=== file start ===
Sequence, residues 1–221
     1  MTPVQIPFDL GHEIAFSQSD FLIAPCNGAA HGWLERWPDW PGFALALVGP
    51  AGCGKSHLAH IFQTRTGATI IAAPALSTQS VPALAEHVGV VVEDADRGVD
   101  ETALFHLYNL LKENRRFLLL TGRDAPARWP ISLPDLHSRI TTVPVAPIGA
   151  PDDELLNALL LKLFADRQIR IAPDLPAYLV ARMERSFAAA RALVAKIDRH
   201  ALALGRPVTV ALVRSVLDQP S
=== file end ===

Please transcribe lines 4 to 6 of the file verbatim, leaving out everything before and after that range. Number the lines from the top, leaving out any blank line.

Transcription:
   101  ETALFHLYNL LKENRRFLLL TGRDAPARWP ISLPDLHSRI TTVPVAPIGA
   151  PDDELLNALL LKLFADRQIR IAPDLPAYLV ARMERSFAAA RALVAKIDRH
   201  ALALGRPVTV ALVRSVLDQP S